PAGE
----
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Posted: March 26, 2010
Article of the Week
The Rules of Golf - Definitions

Contrary to what the USGA would like to hear, golf is generally not played by the rules. 
There is a simple reason.  Most golfers have never read the Rules of Golf.  It is not possible to play by the rules if you first don’t know them.


Go buy a rule book.  You can get it directly from the USGA just by becoming a member. (Click here to join)  Or you can find one at most pro shops.


Section One of the Rules of Golf is on etiquette.  Once you get through that the fun begins.  Section Two is Definitions.  Terms you may be familiar with (addressing the ball) have a very specific definition and are essential to the proper application of the rules.  There you will also find terms you have never heard.  Do you know what an “outside agency” is?  Do you know how the definition is different for match play as opposed to stroke play?  Does any of this matter to you?


Clearly the definitions are the basis for understanding the Rules of Golf.  As a professional I am often asked for rulings for unusual situations that occur on the golf course.  The first question is always where the situation occurred.  There are four places defined by the Rules of Golf.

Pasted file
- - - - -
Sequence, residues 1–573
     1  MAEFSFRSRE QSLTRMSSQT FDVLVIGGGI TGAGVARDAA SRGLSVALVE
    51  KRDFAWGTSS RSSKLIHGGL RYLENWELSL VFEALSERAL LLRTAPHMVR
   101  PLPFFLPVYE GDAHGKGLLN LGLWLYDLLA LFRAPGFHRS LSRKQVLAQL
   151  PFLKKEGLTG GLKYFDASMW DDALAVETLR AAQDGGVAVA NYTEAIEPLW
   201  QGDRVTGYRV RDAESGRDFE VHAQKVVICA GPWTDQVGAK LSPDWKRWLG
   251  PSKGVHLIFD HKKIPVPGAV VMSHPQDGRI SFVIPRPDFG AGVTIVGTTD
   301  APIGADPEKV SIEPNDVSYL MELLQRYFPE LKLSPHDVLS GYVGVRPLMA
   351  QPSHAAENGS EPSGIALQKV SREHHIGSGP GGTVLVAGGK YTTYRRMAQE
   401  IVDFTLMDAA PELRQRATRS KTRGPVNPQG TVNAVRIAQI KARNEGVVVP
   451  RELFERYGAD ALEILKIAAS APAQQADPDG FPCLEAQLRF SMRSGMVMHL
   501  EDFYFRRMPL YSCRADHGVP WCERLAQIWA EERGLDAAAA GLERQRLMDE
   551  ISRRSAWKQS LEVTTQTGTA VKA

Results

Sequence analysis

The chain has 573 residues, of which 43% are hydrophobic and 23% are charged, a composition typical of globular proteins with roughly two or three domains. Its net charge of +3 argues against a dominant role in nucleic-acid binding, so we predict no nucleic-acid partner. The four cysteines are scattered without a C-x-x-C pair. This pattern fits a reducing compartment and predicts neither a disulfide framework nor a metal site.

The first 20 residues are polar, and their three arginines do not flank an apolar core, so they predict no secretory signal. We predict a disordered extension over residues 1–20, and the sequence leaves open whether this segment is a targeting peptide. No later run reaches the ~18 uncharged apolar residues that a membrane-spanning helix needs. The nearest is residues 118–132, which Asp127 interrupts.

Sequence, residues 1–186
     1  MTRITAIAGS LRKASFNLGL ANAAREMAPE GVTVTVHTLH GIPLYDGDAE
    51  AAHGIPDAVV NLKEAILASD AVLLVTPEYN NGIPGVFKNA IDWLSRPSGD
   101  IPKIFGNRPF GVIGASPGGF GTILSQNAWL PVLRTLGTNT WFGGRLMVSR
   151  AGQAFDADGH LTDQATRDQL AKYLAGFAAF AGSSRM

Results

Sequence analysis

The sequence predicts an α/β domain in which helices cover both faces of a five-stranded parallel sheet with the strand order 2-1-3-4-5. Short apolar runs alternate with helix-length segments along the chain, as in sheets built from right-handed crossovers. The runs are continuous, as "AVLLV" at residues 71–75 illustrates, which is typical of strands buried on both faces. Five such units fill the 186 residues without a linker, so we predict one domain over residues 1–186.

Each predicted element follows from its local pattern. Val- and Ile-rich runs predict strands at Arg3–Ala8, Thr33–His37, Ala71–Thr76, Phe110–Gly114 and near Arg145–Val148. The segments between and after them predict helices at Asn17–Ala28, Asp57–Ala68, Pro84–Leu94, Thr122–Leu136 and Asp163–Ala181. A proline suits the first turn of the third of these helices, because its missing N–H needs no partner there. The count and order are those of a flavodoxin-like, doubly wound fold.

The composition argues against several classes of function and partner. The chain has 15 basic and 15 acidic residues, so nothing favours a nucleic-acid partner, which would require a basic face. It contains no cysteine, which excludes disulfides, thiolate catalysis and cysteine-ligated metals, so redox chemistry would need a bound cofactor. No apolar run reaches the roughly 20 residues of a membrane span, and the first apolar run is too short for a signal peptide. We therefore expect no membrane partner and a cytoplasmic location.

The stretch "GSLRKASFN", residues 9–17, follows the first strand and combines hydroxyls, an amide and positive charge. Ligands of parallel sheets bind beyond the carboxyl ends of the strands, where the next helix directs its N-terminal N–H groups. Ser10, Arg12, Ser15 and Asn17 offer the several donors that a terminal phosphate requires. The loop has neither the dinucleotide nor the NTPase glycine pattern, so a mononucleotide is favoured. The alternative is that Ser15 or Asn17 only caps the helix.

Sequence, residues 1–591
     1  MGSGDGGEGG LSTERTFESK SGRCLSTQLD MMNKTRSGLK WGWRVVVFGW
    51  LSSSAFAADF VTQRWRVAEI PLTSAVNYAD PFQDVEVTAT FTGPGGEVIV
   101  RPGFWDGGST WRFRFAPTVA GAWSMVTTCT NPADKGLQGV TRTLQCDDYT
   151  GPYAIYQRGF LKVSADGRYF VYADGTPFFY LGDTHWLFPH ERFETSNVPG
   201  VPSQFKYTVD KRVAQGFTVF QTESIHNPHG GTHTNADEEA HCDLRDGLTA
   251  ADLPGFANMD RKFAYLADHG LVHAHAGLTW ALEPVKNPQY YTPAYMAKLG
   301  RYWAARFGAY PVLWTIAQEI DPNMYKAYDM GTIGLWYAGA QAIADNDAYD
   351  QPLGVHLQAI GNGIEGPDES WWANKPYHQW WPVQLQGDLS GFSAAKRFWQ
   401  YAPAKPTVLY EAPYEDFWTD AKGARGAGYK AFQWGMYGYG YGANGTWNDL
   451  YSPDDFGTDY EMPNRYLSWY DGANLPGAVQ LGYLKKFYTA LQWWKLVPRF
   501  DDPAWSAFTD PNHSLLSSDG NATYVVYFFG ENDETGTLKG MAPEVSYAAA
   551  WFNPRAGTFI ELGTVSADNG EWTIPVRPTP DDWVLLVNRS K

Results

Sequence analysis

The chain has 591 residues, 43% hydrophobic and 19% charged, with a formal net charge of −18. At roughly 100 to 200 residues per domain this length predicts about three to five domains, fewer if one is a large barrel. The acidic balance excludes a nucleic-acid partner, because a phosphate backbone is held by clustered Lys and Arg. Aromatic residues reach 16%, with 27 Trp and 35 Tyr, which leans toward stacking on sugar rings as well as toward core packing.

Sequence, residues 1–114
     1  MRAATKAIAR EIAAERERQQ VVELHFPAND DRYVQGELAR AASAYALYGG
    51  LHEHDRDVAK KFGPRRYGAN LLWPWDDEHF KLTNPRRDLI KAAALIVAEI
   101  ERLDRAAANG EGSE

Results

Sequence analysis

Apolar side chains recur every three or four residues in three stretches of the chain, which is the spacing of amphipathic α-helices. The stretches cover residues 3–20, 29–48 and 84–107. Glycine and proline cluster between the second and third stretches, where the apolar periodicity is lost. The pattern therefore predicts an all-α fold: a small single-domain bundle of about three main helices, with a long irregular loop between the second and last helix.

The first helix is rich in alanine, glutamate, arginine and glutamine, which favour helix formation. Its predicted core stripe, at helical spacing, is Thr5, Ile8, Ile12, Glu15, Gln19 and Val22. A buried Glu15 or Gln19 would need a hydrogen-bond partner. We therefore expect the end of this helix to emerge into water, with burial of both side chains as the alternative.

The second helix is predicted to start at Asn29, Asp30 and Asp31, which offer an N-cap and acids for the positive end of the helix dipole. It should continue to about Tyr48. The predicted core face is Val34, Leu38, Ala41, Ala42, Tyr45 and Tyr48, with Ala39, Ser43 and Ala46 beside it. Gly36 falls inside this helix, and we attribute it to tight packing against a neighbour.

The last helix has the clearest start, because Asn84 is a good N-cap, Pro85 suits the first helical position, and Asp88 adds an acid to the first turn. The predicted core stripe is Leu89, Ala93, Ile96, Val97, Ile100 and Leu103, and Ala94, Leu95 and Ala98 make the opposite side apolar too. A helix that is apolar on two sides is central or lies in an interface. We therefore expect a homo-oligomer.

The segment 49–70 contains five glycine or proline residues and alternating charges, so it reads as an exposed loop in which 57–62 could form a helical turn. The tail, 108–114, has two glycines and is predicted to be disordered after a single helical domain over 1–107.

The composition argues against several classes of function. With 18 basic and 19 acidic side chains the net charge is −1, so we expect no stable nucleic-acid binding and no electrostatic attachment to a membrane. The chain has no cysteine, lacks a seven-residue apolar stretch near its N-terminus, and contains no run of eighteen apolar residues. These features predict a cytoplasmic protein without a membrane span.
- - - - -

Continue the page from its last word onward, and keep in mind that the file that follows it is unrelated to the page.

The teeing ground – Simply, the starting place for the hole to be played.  (If you are on the teeing ground for another hole it is not the teeing ground of the hole to be played and therefore the application of the rules may differ.)


The putting green – Once again this refers to the area around the hole being played especially prepared for putting.  No other green on the golf course is “the putting green.”


Hazards - Any bunker or water hazard.  These each has its’ own definition.  And a water hazard can be classified as a lateral water hazard and has special rules that apply.


Through the green - This is all other parts of the golf course not defined by the other three.


Depending on where the situation occurred the rules will apply differently.  This is merely the start of a rules decision.  Who was involved?  What was the form of play?  Exactly what happened?  Until these questions are very specifically answered and agreed upon by all involved, the decision making process cannot begin.  Further, these questions must be answered using very specific language as defined by the rule book.

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